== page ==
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City of Seattle

February 22, 10:53 AM click here to comment > 7

Our City, Our Food, Our Future: Listening sessions on food in our community

Access to healthy, affordable food is vital to our community. We’re working to increase access to healthy food for everyone in Seattle, not just those who can afford it. It’s one of the most important things we can do as a community to live longer, lead healthier lives, promote equity, and help our environment.

The City recently hired a new Food Policy Advisor, who is working in our Office of Sustainability and Environment to create an action agenda that further improves people’s ability to grow, eat, and sell local and healthy food in Seattle.


In order to create that agenda, I, together with City Councilmember Richard Conlin and the other members of our City Council, am bringing together stakeholders in the food community for a series of Our City, Our Food, Our Future listening sessions.  The priorities and opportunities that we hear about in these sessions will inform the City’s next steps for these issues. 

Almost every department at the City has been engaged and working together to create a city where all Seattleites have enough to eat and have access to affordable, local, healthy, culturally appropriate food. We’re working to make sure it’s easy to grow food in our city, whether for personal use or for business purposes, and easy to sell local and healthy food in our neighborhoods. We’re also educating people about the benefits of eating local and healthy food, and working to provide sustainable ways to deal with food waste.

Some of these programs are long-standing, such as the P-Patch program, senior meals, and food waste recycling.  More recently, we’ve taken other steps aimed at increasing shared prosperity, health, and environmental sustainability. For example, our Office of Economic Development has helped over 50 small business owners sell more healthy food in their stores, which helps support their businesses while at the same time increasing access to healthy food in areas of our city where it is hard to find.

Our Human Services Department’s Farm to Table program has been helping childcare centers and senior meal facilities get more fresh, healthy food from local farmers onto kids’ and seniors’ plates.  Our Parks Community Centers host a teen top chef program, engaging teens in cooking and eating healthy meals, and providing them with leadership opportunities in the process.  Our Department of Planning and Development changed the zoning code to expand opportunities for Seattleites to grow food in the City. And Seattle Public Utilities has helped food banks catch good food before it hits the waste stream and get it onto people’s plates.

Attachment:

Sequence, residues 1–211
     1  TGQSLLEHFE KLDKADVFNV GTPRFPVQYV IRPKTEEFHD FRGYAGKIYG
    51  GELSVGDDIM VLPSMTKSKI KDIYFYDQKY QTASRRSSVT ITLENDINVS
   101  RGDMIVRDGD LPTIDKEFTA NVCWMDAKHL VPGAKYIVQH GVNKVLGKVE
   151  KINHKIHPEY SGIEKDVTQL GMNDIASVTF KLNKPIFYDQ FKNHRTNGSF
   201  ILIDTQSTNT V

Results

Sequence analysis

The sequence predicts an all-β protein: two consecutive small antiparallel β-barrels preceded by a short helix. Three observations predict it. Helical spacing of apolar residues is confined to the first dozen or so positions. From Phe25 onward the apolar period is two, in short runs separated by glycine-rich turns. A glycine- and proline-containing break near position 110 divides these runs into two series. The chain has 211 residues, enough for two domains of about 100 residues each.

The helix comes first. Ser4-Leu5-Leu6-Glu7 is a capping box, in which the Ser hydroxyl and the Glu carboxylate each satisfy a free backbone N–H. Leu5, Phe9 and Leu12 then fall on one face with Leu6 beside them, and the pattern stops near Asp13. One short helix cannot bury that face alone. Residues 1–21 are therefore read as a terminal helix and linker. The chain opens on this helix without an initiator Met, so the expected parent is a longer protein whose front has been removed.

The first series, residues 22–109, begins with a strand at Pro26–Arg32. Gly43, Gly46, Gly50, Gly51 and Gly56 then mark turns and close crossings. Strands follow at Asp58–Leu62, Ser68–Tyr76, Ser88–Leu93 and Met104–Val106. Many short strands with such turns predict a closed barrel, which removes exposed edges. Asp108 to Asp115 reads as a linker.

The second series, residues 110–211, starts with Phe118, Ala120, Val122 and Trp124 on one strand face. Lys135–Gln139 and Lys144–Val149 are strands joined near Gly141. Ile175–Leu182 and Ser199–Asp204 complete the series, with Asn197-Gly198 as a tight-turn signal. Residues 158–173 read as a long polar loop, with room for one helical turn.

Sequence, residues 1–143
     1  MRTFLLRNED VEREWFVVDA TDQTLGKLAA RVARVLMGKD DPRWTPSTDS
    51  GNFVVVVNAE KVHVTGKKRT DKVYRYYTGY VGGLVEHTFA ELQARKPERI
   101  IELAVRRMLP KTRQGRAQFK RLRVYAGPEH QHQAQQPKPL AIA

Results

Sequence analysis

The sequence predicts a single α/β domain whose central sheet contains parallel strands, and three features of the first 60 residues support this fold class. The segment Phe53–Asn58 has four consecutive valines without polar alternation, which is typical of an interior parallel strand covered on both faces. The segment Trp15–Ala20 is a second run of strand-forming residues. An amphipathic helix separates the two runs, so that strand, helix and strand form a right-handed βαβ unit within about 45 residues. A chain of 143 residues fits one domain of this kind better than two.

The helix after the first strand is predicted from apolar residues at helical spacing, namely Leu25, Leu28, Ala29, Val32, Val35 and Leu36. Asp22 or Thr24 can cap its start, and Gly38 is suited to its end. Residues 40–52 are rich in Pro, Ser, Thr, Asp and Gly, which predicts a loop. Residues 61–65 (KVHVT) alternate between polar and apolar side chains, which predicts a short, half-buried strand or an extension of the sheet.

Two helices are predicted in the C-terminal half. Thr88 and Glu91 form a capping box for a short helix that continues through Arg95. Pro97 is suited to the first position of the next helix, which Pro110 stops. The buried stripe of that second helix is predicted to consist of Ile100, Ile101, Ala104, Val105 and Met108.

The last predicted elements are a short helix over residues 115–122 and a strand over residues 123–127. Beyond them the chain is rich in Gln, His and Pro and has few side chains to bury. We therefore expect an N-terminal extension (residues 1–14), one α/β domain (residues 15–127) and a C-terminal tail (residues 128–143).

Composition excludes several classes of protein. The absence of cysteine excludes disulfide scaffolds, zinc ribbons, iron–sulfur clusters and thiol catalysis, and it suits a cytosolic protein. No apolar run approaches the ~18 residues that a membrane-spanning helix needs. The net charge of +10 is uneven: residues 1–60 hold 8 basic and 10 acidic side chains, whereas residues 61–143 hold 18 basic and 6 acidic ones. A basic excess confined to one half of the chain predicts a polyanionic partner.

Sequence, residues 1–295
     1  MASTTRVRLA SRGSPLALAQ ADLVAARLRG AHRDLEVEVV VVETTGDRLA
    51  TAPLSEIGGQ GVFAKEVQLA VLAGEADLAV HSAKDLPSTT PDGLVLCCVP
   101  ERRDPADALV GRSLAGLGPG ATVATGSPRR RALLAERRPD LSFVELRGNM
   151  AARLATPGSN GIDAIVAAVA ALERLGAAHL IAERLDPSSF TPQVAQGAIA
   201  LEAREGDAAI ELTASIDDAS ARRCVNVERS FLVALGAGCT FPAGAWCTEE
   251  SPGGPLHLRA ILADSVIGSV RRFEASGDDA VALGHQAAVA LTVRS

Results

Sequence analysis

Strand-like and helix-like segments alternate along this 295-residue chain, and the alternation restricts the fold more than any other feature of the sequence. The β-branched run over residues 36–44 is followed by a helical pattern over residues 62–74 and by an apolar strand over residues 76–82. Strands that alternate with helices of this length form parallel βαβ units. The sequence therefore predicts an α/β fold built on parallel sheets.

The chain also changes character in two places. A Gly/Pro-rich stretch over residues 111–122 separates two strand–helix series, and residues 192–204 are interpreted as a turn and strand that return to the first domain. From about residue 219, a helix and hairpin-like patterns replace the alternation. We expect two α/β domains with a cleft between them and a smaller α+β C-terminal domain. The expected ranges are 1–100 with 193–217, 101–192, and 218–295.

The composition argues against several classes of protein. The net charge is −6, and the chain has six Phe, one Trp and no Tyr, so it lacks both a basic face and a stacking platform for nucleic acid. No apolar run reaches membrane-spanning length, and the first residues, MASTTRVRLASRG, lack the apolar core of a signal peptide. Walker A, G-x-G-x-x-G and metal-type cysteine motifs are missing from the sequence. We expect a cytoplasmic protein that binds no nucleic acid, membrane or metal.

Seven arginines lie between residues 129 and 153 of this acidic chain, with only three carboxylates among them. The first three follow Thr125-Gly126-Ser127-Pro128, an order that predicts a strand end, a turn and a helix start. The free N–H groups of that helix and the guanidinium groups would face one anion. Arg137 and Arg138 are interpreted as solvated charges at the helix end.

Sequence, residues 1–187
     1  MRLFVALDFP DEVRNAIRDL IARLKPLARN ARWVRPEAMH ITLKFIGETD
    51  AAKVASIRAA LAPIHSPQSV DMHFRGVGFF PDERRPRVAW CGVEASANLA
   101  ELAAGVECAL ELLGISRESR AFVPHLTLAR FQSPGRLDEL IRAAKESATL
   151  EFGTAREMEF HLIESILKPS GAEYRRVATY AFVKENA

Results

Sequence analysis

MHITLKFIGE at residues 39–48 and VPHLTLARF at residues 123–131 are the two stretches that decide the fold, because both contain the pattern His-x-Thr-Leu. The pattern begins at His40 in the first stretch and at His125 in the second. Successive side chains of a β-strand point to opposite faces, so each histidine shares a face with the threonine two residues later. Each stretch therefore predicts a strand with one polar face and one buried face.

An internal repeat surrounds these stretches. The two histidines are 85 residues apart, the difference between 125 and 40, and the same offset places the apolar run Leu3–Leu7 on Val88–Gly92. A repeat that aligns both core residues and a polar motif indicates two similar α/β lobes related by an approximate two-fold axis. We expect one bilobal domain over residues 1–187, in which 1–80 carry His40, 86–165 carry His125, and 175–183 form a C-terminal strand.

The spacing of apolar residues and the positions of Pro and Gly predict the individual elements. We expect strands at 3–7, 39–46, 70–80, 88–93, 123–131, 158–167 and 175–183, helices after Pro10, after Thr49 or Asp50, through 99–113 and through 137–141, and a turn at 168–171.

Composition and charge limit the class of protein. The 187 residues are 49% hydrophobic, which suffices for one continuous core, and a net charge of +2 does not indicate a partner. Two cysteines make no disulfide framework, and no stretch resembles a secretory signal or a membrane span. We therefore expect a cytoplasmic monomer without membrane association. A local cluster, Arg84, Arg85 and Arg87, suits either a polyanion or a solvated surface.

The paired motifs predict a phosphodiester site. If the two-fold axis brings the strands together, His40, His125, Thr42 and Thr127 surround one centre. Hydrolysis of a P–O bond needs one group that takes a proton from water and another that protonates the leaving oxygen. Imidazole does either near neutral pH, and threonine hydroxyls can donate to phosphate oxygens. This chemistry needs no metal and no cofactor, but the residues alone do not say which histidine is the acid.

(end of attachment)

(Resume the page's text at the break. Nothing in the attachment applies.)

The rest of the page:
If you’re interested in being part of our effort to increase access to local, healthy, food in our community, contact We’ll share what we learn during the Our City, Our Food, Our Future listening sessions right here on our blog.

Public Meeting dates:
•Tuesday March 13, 5:30-8:30 p.m. – Ravenna Eckstein Community Center (6535 Ravenna Avenue NE)
•Friday March 16, 1:00-4:00 p.m. – City Hall – Bertha Knight Landes Room (600 4th Avenue)
•Monday March 19, 5:30-8:30 p.m. – Southside Commons (3518 S Edmunds Street)

RSVP here.

Photo by: Jen Nance

Posted by: Mayor Mike McGinn


Comment from Natasha Freidus
Time February 22, 2012 at 6:58 pm

We’d love to see you at our “Healthy Food in South Park” event next week. Learn more at and check out some of the stories about food on our website!

Comment from Jim Osborn
Time February 24, 2012 at 10:48 am

Seems like a silly waste of city money when we have people being shot every night.

Comment from Mark Aggar
Time February 24, 2012 at 10:50 am

Glad to see this. If you want to go a step further, consider endorsing Meatless Mondays like some other progressive cities like San Francisco have done e.g.

Comment from Jill
Time February 24, 2012 at 1:33 pm

Save Alki crab and fish! If you really say you care about west Seattle people and food biz

Comment from Carol Hiltner
Time February 25, 2012 at 8:06 am

VERY, VERY important to remove legal roadblocks to growing food in the city. I love the community gardens, and hope they can be expanded so that everyone who wants to work the earth has land on which to do it.

Comment from Flor Alarcon
Time February 25, 2012 at 5:55 pm

Engage teens in community/school gardening club. Partner with middle and high schools. This has worked very effectively for many refugee and immigrants communities in other cities. For many immigrants and refugees these tasks were the norms in their home lands; growing their on vegetables and fruits. This was part of daily living having, “garden and harvesting”.

Comment from Nautilus Seafoods, Inc.
Time February 27, 2012 at 1:25 pm

Good stuff. We’ll be watching and if there’s anything we can do..don’t hesitate to call on us.

Nautilus Seafoods, Inc.
“Celebrating our Silver Anniversary Year”